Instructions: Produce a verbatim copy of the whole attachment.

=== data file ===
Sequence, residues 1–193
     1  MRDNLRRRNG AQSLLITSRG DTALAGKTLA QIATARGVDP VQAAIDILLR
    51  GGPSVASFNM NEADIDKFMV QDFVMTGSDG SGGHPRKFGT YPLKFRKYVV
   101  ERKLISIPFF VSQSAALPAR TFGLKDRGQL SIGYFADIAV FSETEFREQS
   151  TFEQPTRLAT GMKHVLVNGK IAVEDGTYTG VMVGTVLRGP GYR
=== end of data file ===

Sequence, residues 1–193
     1  MRDNLRRRNG AQSLLITSRG DTALAGKTLA QIATARGVDP VQAAIDILLR
    51  GGPSVASFNM NEADIDKFMV QDFVMTGSDG SGGHPRKFGT YPLKFRKYVV
   101  ERKLISIPFF VSQSAALPAR TFGLKDRGQL SIGYFADIAV FSETEFREQS
   151  TFEQPTRLAT GMKHVLVNGK IAVEDGTYTG VMVGTVLRGP GYR